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CP&DR News Briefs, June 22, 2015: NEPA Suit Filed over Fracking; Chargers Slipping Away from S.D.; Santa Ana �Welness District,' and More

Matthew Hose on
Jun 22, 2015

Two environmental groups have sued the U.S. Bureau of Land Management and the Secretary of the Interior for opening up 400,000 acres of public land in Southern California for fracking, which they claim violates the National Environmental Policy Act.  The groups, The Center for Biological Diversity and Los Padres Forestwatch, claim that the federal government's environmental report erroneously analyzed impacts to air quality by assuming that only 40 new wells will be drilled each year, though the plan estimates that 4,000 wells will be drilled in the plan's lifetime. The suit alleges that fracking, which involves high-pressure injection of water and chemicals into shale rock to fracture the formations and extract oil and gas, pollutes groundwater and can cause earthquakes. California's oil producers are increasingly turning to fracturing to extract oil, with Kern County containing 2,361 fracked wells in 2014 and Ventura County containing 456 of them, according to the lawsuit.

San Diego Loses Ground in Effort to Keep Chargers

Possibly undermining months of work to create a viable proposal for a new pro football stadium in San Diego, the San Diego Chargers issued a statement that a Dec. 15 public vote on a new stadium would be impossible because the city won't be able to craft a legally defensible Environmental Impact Report within that time.  "The various options that we have explored with the city's experts all lead to the same result: Significant time-consuming litigation founded on multiple legal challenges, followed by a high risk of eventual defeat in the courts," Chargers' special counsel Mark Fabiani said in a statement.  The timing of the vote is important because the NFL could move a team to Los Angeles by 2016, and city officials have emphasized that they could indeed meet the Dec. 15 deadline, but that the Chargers have been unwilling to play ball. "It appears the Chargers have pulled the plug on San Diego even though the city and county have gone out of their way to try and accommodate the team," Mayor Kevin Faulconer's Task Force spokesman Tony Manolatos told the Union-Tribune. "Instead of working collaboratively on a solution, the Chargers have thrown up one road block after another in San Diego while working aggressively on stadium plans in Carson."

Santa Ana Considers Downtown �Wellness District'

The Santa Ana City Council took a step to establishing a "wellness district" for the preservation of Latino commerce in the city's downtown, voting to begin drafting a resolution and figuring out how much it will cost to implement. Supporters cite a study last year by The California Endowment that said the city could bring in an additional $137 million in spending to the downtown by bringing back Latino customers who, despite living so close to the downtown, have been lost to big-box retailers. Among the proposals aimed at promoting community wellness and supporting local vendors, the council vote directs city staff to draft an implementation plan for branding Fourth Street as "Calle Cuatro," supporting the creation of microfarms and a mercadito, and creating a community advisory committee on economic development.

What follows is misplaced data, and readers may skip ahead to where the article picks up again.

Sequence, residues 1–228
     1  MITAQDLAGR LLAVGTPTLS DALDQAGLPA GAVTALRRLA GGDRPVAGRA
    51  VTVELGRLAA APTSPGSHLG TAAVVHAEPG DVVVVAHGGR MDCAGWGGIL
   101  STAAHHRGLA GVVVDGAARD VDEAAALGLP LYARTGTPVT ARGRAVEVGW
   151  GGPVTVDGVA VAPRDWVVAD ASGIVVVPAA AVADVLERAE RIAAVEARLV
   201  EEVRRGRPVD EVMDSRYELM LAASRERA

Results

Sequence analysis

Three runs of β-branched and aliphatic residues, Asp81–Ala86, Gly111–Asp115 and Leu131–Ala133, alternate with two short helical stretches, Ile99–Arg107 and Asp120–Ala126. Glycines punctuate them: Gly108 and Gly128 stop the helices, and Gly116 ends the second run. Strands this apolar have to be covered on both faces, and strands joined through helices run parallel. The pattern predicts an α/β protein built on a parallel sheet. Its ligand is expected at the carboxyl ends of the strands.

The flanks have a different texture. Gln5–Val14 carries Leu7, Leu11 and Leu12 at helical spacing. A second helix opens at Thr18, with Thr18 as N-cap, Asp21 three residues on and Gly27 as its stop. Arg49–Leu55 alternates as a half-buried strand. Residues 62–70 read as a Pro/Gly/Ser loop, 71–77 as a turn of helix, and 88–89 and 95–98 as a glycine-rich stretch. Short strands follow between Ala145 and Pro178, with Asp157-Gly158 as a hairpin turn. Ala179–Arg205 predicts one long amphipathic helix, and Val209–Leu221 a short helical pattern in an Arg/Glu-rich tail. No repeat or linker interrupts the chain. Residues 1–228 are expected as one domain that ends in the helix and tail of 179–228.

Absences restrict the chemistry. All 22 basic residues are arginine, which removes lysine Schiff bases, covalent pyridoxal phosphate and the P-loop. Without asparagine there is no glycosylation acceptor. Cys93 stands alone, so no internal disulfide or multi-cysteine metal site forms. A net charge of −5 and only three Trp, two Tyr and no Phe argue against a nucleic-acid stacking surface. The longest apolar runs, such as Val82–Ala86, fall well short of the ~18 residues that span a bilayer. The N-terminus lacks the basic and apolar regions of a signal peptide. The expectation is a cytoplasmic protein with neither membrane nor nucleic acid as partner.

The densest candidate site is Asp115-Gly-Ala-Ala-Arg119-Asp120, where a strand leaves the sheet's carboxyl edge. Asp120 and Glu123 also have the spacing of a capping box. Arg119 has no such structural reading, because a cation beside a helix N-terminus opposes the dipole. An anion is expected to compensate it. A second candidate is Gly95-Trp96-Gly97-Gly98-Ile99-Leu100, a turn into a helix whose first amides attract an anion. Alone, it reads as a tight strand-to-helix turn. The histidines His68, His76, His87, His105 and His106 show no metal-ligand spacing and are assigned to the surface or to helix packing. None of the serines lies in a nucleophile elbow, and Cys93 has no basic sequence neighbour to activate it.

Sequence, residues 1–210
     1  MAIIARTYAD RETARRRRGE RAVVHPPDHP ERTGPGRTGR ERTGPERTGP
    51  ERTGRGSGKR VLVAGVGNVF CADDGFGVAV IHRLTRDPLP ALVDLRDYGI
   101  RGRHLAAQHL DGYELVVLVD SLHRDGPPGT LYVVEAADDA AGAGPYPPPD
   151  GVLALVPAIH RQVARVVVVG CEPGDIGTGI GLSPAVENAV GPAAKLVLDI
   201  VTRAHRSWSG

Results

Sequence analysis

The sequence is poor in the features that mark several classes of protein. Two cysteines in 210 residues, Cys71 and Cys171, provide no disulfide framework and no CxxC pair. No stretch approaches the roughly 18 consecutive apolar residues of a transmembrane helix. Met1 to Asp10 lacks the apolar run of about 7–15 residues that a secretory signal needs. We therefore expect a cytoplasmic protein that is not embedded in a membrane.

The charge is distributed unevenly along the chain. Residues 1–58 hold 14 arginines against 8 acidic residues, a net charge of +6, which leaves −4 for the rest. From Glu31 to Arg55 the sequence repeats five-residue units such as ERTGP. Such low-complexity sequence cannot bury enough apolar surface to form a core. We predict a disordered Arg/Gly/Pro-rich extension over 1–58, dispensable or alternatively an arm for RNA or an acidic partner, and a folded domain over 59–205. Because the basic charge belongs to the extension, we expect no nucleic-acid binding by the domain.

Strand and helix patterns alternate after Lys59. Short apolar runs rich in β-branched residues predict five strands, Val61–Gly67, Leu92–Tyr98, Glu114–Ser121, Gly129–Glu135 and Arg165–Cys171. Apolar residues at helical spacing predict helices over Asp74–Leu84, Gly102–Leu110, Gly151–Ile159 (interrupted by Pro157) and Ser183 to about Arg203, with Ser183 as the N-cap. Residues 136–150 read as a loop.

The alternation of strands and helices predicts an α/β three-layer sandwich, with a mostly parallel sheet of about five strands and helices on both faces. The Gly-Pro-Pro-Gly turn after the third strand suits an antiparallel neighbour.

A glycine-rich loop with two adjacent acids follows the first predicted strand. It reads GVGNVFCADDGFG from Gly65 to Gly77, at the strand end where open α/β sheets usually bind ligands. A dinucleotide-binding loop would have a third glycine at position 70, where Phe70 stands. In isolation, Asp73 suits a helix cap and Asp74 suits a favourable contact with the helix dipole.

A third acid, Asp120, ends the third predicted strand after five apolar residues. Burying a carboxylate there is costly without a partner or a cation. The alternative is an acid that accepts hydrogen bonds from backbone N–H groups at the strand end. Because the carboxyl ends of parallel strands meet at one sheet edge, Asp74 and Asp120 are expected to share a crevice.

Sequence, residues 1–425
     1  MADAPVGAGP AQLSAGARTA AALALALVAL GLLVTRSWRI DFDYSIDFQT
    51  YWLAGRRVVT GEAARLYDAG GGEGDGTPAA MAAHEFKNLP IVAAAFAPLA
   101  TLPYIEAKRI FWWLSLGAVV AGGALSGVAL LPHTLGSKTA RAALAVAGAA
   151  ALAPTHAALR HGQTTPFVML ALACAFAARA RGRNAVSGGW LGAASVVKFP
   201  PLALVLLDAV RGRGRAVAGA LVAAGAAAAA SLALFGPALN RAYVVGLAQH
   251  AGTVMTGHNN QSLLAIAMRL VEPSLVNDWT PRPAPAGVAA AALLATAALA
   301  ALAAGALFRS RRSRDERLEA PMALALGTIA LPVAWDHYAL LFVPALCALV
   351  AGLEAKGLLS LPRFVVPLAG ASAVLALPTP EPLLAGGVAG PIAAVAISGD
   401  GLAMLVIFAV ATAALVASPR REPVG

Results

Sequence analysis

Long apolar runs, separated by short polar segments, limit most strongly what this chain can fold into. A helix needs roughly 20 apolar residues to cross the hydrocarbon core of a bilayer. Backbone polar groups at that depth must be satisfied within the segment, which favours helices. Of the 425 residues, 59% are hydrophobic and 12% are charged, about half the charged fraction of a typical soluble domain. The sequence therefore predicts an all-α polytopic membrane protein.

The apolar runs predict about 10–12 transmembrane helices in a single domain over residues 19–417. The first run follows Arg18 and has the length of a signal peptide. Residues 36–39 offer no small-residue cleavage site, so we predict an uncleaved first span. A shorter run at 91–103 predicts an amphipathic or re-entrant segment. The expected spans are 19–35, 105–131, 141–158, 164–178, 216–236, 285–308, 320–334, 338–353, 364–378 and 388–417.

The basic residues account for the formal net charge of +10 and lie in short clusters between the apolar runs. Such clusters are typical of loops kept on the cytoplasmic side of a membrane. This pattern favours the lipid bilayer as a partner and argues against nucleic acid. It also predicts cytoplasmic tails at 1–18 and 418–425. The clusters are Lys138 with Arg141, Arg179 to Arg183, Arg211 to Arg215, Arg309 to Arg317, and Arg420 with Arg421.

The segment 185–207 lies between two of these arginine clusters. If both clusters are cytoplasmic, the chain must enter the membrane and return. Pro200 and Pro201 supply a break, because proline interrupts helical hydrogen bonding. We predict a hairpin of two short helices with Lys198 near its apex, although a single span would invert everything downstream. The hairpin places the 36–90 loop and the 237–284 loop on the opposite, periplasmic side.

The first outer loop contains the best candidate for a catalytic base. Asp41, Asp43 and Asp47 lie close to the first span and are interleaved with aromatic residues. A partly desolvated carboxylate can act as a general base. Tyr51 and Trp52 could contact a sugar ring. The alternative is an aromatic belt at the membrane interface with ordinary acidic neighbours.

L.A. Considers Legalization of Street Vending; Curbs on Homeless Encampments

The Los Angeles City Council passed a preliminary measure that would make it easier for law enforcement to break down the city's homeless encampments by reducing the amount of warning time that homeless people are given before authorities seize their belongings from public sidewalks and parks. The measure would reduce the warning time to 24 hours from 72 hours, and it would also allow authorities to seize bulky items like couches, tables and larger tents -- anything that won't fit in the city's 60-gallon trash bins -- without notice. Through the ordinance, the city would store the belongings for 90 days in a skid row warehouse, complying with a court injunction from 2012 barring the city from seizing and immediately destroying homeless people's unattended property. "We spend $100 million on homelessness, and 85% of our response is law enforcement," Councilman Gil Cedillo, who cast the sole dissenting vote, told the L.A. Times. "That tells us our strategy is not working."

The Los Angeles City Council is also weighing whether or not to legalize street vending, possibly becoming the biggest city next to New York to have a legal street vending program. Southern California Public Radio took a look at cities in the LA metropolitan area where it is already legal for policy comparisons. SPCR finds that some vendors hop over to Pasadena, pay about $400 a year in city fees, and obtain a city permit to stay in the lucrative market. Additionally, Santa Ana allows up to 200 pushcart vendors to legally operate, but they must remain mobile.

L.A. Mayor Garcetti Co-Launches National 'Climate Action Agenda'